You might also consider how you annotate your drawings with different layers of information, how you might use text and diagrammatic icons to communicate crucial data relevant to your project. In this case drawing, or mapping, can be used to collect and present important information that is shown within the context of the space that you’re exploring and designing. These layers of information begin to communicate different components and spatial programmes and how they might overlap and relate to each other.

McMullan, Kirsty (2013). The Everyday Museum of Everyday Portland. Image via: http://www.presidentsmedals.com/Entry-34011 

My final thought on drawing, at least for this post, is that you should also think about the materials and processes that you’re using. Consider what you might draw with, whether it’s a pencil or a paintbrush, or perhaps a mouse if you’re working digitally, and consider the surface that you will be drawing on. Will you be using a paint-stick (ala Richard Serra) on fabric and wood? Or will you be using ink on cartridge and tracing paper? Perhaps you’re using a combination of things, ink and pencil on different papers, layered onto fabric… Each combination has a unique set of qualities and properties that should be carefully considered. Of course, there’s also the size of the drawing to consider too; take a look at the work of artist Fabienne Verdier, and consider how tools and processes can be adapted to produce work on a much larger scale…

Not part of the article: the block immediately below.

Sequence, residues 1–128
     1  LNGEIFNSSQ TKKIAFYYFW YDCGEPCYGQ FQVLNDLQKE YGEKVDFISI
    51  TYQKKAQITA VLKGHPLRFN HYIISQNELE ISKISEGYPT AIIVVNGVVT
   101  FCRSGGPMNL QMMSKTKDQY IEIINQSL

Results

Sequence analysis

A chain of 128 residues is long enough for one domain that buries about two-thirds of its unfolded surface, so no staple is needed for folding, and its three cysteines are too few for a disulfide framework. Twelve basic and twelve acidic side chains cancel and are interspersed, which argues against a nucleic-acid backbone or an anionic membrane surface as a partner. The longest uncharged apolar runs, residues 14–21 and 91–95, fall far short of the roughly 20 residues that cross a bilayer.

The drawings and processes that I’ve talked about are just a glimpse into the realm of drawing, and I think that it’s important for you to consider what it is that you are trying to communicate through your work.